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Thus, the origin is a singular point of the surface X. Indeed,
one can check that the tangent lines at the origin do not lie in                 Close

a plane.                                                                          Quit
It is interesting to see how the unit normal vector Np changes     Introduction
under a change of parameters.
Parameterized Surfaces

The First . . .
Assume that u = u(r, s) and v = v(r, s), where
(r, s) → (u, v) is a diﬀeomorphism. By the chain rule,

Xr × Xs =      Xu        + Xv        ×   Xu        + Xv
∂r          ∂r            ∂s          ∂s           Title Page

∂u ∂v         ∂u ∂v
=              − Xu × Xv
∂r ∂s ∂s ∂r
       
∂u ∂u                                             Page 665 of 681
       
 ∂r ∂s                                                Go Back
 ∂v ∂v  Xu × Xv
= det        
                                                    Full Screen

∂r ∂s
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∂(u, v)
=         Xu × Xv ,                                             Quit
∂(r, s)
denoting the Jacobian determinant of the map                       Introduction
(r, s) → (u, v) as ∂(u,v) .
∂(r,s)                                          Parameterized Surfaces

The First . . .
Then, the relationship between the unit vectors N(u,v) and
N(r,s) is

∂(u, v)
N(r,s) = N(u,v) sign           .                        Home Page
∂(r, s)
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We will therefore restrict our attention to changes of variables
such that the Jacobian determinant ∂(u,v) is positive.
∂(r,s)

One should also note that the condition Xu × Xv = 0 is equiv-           Page 666 of 681

alent to the fact that the Jacobian matrix of the derivative                Go Back

of the map X: Ω → E3 has rank 2, i.e., that the derivative
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DX(u, v) of X at (u, v) is injective.
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Indeed, the Jacobian matrix of the derivative of the map        Introduction

(u, v) → X(u, v) = (x(u, v), y(u, v), z(u, v))         Parameterized Surfaces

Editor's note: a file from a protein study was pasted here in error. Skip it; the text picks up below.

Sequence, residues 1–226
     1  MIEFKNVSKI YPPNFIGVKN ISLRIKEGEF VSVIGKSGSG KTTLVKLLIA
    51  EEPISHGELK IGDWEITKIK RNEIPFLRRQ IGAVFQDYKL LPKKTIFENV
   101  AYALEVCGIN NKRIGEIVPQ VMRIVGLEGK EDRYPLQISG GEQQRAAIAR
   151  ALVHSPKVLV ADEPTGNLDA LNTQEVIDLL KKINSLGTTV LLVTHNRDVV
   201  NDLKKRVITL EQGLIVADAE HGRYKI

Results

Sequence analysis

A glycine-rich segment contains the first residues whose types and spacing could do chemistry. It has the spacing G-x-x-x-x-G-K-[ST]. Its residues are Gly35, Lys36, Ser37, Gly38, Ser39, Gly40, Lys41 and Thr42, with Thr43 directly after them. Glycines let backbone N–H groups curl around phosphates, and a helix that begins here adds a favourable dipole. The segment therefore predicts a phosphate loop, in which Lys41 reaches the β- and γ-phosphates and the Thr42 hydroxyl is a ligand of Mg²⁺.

The First . . .
is
             
∂x   ∂x
 ∂u     ∂v 
           
 ∂y     ∂y                                    Title Page
           
 ∂u     ∂v 
           
 ∂z     ∂z 
           

∂u   ∂v
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and Xu ×Xv = 0 is equivalent to saying that one of the minors            Go Back

of order 2 is invertible.                                              Full Screen

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Thus, a regular surface is an immersion of an open set of R2
into E3 .                                                                  Quit
To a great extent, the properties of a surface can be studied   Introduction
by studying the properties of curves on this surface.
Parameterized Surfaces

The First . . .
One of the most important properties of a surface is its cur-
vature. A gentle way to introduce the curvature of a surface
is to study the curvature of a curve on a surface.
For this, we will need to compute the norm of the tangent
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vector to a curve on a surface. This will lead us to the ﬁrst
fundamental form.

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14.3.     The First Fundamental Form (Rieman-                       Introduction
nian Metric)                                              Parameterized Surfaces

The First . . .
Given a curve C on a surface X, we ﬁrst compute the element
of arc length of the curve C.

For this, we need to compute the square norm of the tangent                Home Page
˙
vector C(t).
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˙
The square norm of the tangent vector C(t) to the curve C at
p is
˙
C 2 = (Xu u + Xv v) · (Xu u + Xv v),
˙     ˙        ˙      ˙
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where · is the inner product in E3 , and thus,
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˙
C   2
= (Xu · Xu ) u2 + 2(Xu · Xv ) uv + (Xv · Xv ) v 2 .
˙                ˙˙              ˙
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Following common usage, we let                                     Introduction

E = Xu · Xu ,       F = Xu · Xv ,   G = Xv · Xv ,          Parameterized Surfaces

The First . . .

and

˙
C   2
= E u2 + 2F uv + G v 2 .

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Euler already obtained this formula in 1760. Thus, the map

(x, y) → Ex2 + 2F xy + Gy 2
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˙